How to Carry a Rifle While Hunting
Choosing the proper carrying position is important when hunting. In addition to safety, choosing a correct carrying position can also help improve your visibility of the target. Regardless of the carrying position you choose, it is important to maintain safe gun handling practices, such as unloading your firearms after each use, reloading them after each shot, and turning on and off the safety.
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When you have a hunting rifle, it is essential to know how to carry it. A proper rifle-carrying technique can prevent injuries and ensure your safety. Whether you are hunting solo or with other people, you should practice a few tips to stay safe.
First, you should learn the proper way to load your firearm. Make sure that all ammunition has been checked and stored properly. Before taking your rifle out of the gun case, it is important that the barrel is pointed in a safe direction. It is also crucial that you do not load it when you are not hunting. If you do, you may cause damage to your rifle.
Next, you should choose a carrying position that is suitable for you and the terrain you are hunting in. Some options include the shoulder carry, the elbow carry, and the trail carry. Although some hunters find the shoulder carry to be the most convenient, it is not the safest. You should never hold the rifle over your shoulder while someone is on your side. However, it is a good option for fatigued hunters.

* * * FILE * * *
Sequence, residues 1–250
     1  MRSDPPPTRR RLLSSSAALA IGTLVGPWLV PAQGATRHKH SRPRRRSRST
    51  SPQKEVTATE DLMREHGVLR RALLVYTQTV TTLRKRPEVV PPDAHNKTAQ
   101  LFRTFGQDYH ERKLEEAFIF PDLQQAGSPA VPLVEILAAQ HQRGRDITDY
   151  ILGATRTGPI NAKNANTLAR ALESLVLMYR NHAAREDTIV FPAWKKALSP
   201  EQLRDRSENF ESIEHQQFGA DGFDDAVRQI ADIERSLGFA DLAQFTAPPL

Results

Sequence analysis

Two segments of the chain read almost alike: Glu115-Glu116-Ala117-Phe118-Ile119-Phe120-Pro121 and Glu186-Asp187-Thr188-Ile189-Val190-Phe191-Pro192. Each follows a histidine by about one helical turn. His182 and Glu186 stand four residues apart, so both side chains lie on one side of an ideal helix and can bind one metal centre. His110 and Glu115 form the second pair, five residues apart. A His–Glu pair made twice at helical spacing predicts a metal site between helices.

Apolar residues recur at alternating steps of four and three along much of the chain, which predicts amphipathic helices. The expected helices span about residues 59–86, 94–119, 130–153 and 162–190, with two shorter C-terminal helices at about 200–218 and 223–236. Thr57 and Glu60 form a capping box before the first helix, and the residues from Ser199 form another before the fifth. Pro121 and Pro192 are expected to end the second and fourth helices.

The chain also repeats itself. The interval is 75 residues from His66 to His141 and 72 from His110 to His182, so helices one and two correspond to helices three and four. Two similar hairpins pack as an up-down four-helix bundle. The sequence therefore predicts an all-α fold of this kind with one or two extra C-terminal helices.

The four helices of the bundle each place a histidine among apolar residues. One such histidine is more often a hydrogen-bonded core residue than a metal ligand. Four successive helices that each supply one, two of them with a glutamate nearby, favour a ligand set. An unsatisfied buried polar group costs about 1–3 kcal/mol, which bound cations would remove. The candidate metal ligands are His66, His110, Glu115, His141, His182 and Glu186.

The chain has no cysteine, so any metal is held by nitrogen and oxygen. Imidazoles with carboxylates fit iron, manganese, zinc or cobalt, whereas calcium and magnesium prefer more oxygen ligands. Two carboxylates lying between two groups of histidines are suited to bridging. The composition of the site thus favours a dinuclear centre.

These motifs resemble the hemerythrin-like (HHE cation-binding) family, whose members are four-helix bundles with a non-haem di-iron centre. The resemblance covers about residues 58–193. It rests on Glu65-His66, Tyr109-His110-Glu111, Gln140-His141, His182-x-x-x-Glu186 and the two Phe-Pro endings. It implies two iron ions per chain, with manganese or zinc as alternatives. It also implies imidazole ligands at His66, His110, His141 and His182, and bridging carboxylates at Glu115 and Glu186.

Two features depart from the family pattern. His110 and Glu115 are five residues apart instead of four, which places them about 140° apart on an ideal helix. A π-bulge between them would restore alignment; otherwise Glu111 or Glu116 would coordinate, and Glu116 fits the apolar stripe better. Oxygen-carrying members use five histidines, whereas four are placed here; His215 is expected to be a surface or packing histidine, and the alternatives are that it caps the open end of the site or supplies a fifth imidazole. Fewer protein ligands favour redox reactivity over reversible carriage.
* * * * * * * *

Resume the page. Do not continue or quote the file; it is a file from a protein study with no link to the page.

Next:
One of the most common mistakes hunters make is improperly carrying their firearms. This can lead to serious injury. For example, a hunter can accidentally pull the trigger or use the wrong ammunition, which can cause significant damage to the gun. The best way to avoid this mistake is to be well-prepared before heading out on a hunt. Read your hunting guidebook and ammunition box, as well as the firearm’s manual.
Once you’ve chosen a carry position, you’ll need to secure your rifle. You can do this with a sling or backpack. Try to minimize wind exposure by using an independent front and rear support. These can be a sturdy natural rest, a short 6-to-12-inch bipod, or a soft malleable object.
Finally, you will need to choose a carrying position that gives you the most control when shooting. Kneeling is the next best choice. As long as you can keep your back straight and your arms relaxed, you should be fine. Keeping your hands off the trigger is particularly important, and a rolled-up jacket can add a bit of cushion.
Always check your gun before and after your hunt, and do not let other hunters handle it. Make sure to unload it when you are done, and discard any damaged or empty ammunition.
Finally, make sure that you have a good map. If you are going to be hunting on private land, make sure to obtain written permission from the landowner. Even if the property is public, there might be a County ordinance regulating the discharge of firearms.